Spleen proteomics data from high fat diet fed mice
Journal article, 2020

The composition of the diet affects many processes in the body, including body weight and endocrine system. We have previously shown that dietary fat also affects the immune system. Mice fed high fat diet rich in polyunsaturated fatty acids survive S. aureus infection to a much greater extent than mice fed high fat diet rich in saturated fatty acids. Here we present data regarding the dietary effects on protein expression in spleen from mice fed three different diets, I) low fat/chow diet (LFD, n = 4), II) high fat diet rich in saturated fatty acids (HFD-S, n = 4) and III) high fat diet rich in polyunsaturated fatty acids (HFD-P, n = 4). We performed mass spectrophotometry based quantitative proteomics analysis of isolated spleen by implementing the isobaric tags for relative and absolute quantification (iTRAQ) approach. Mass spectrometry data were analyzed using Proteome Discoverer 2.4 software using the search engine mascot against Mus musculus in SwissProt. 924 proteins are identified in all sets (n = 4) for different dietary effects taken for statistical analysis using Qlucore Omics Explorer software. Only 20 proteins were found to be differentially expressed with a cut-off value of false discovery rate < 0.1 (q-value) when comparing HFD-S and HFD-P but no differentially expressed proteins were found when LFD was compared with HFD-P or HFD-S. The identified proteins and statistical analysis comparing HFD-S and HFD-P diets are available as a supplementary file S1. We identified a subset of proteins that showed an inverse expression pattern between two high fat diets. These differentially expressed proteins were further classified by gene ontology for their role in biological processes and molecular functions. Mass spectrometry raw data are also available via ProteomeXchange with identifier PXD020365.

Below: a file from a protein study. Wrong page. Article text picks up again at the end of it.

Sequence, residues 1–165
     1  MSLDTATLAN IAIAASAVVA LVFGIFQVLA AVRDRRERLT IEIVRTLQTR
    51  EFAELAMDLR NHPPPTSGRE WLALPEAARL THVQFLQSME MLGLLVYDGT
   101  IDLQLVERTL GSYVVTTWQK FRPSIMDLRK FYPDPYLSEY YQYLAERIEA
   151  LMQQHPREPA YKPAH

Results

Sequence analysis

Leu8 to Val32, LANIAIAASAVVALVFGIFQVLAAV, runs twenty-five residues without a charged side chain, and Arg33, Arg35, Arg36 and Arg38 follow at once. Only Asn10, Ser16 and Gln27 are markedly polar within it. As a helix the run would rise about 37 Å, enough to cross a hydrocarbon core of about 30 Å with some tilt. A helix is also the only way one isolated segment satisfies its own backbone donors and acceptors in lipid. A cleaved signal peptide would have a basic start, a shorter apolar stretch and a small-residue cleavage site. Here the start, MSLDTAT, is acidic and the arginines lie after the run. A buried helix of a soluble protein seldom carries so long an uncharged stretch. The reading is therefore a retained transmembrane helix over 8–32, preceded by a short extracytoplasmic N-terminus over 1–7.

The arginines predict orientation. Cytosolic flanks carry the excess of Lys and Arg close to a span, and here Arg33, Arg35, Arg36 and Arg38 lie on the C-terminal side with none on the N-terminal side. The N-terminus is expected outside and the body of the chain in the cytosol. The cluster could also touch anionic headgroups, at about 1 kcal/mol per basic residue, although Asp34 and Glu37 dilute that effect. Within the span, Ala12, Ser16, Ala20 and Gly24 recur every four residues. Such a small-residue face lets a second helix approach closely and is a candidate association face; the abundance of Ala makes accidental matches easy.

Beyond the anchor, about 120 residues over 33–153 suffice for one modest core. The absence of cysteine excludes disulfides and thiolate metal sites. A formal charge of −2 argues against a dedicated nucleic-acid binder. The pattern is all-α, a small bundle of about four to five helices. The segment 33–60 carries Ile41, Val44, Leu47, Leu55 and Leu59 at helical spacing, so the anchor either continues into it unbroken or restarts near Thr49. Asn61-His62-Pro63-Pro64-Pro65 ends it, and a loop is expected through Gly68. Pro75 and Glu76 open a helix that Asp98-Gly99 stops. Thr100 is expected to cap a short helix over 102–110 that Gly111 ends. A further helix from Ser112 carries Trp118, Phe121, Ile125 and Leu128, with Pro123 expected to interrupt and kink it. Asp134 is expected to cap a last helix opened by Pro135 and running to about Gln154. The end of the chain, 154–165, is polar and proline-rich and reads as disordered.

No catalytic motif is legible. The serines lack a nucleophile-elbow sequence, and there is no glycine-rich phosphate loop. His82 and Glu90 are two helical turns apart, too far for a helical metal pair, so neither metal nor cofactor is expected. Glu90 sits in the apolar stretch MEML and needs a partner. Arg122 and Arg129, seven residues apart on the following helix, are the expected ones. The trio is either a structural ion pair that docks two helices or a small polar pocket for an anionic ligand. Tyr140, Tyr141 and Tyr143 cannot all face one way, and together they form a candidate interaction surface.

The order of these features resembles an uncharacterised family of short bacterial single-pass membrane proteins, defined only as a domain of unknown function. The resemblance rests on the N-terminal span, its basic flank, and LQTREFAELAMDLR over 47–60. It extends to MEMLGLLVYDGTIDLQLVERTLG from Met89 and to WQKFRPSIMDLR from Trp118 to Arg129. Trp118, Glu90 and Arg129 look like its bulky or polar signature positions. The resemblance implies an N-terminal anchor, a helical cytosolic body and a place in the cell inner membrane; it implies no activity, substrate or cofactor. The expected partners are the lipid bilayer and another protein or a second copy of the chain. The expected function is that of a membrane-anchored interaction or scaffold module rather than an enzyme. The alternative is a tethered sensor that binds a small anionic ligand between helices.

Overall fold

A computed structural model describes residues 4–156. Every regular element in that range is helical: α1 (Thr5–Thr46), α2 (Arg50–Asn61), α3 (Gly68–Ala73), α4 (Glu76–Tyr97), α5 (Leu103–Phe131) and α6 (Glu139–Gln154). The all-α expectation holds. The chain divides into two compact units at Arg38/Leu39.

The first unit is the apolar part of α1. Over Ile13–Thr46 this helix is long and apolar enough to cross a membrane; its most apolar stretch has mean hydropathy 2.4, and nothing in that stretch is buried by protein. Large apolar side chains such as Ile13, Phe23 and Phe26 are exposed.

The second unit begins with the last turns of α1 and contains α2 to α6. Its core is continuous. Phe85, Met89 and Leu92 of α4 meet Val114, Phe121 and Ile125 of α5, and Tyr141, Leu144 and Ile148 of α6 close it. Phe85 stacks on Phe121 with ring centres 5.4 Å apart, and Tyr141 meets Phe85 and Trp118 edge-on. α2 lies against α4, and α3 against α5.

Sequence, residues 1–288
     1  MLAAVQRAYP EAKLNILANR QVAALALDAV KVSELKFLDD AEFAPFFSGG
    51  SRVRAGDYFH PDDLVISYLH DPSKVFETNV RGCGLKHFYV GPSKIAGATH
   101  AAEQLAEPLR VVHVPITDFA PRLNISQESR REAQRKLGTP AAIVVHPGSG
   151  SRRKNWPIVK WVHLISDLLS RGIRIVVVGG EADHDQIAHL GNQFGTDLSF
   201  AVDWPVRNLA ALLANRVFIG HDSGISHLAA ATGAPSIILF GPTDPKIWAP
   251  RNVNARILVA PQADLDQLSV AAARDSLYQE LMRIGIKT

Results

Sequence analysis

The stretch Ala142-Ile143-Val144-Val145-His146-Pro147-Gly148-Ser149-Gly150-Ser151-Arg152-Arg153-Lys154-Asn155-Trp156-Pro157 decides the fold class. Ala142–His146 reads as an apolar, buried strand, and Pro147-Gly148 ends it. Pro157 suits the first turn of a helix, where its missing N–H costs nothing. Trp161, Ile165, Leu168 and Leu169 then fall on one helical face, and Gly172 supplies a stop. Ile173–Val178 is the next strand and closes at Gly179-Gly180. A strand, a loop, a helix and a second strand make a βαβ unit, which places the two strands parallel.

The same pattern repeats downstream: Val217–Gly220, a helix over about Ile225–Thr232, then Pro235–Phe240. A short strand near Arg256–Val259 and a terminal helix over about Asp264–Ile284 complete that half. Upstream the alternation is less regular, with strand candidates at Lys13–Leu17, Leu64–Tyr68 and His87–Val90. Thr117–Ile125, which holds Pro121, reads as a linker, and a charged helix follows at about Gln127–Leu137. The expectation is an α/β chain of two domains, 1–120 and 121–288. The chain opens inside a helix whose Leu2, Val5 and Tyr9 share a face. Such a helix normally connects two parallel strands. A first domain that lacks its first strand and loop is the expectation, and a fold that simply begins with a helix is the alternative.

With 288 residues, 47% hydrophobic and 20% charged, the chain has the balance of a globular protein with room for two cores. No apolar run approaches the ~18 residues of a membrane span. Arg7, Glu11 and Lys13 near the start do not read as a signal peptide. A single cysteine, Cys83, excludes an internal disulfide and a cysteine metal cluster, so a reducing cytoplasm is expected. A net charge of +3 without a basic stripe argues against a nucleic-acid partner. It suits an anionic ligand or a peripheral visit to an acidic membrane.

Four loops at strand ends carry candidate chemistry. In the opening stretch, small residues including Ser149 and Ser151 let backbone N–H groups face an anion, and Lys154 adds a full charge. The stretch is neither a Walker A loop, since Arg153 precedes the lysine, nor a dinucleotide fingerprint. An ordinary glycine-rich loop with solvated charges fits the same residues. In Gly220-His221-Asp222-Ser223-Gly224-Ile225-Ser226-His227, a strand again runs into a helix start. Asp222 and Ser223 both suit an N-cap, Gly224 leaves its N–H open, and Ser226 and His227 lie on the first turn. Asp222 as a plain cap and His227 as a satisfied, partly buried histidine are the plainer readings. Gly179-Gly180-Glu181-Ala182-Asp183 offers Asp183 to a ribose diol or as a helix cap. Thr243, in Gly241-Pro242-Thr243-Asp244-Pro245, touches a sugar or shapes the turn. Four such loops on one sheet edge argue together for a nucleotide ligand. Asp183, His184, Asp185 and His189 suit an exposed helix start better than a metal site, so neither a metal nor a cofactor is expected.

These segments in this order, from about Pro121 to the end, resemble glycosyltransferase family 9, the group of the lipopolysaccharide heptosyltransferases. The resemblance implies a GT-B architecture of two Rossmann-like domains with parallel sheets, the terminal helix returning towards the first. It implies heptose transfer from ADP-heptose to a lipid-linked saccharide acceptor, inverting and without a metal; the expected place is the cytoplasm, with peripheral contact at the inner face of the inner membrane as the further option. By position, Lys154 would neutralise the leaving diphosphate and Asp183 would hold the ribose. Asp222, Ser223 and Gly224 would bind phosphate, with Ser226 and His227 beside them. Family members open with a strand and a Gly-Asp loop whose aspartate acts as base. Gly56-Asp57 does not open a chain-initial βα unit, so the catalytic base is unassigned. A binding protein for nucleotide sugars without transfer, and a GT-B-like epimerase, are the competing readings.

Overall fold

Polyunsaturated fatty acids


Low fat diet


Saturated fatty acids

High fat diet



Sara L Svahn

University of Gothenburg

Bagmi Pattanaik

University of Gothenburg

Louise Grahnemo

University of Gothenburg

Saray Gutierrez

University of Gothenburg

Intawat Nookaew

Chalmers, Biology and Biological Engineering, Systems and Synthetic Biology

University of Arkansas for Medical Sciences

John-Olov Jansson

University of Gothenburg

Maria E. Johansson

University of Gothenburg

Data in Brief

2352-3409 (ISSN)

Vol. 32 106110

Subject Categories

Medical Biotechnology (with a focus on Cell Biology (including Stem Cell Biology), Molecular Biology, Microbiology, Biochemistry or Biopharmacy)

Bioinformatics and Systems Biology

Nutrition and Dietetics





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Latest update

9/1/2020 7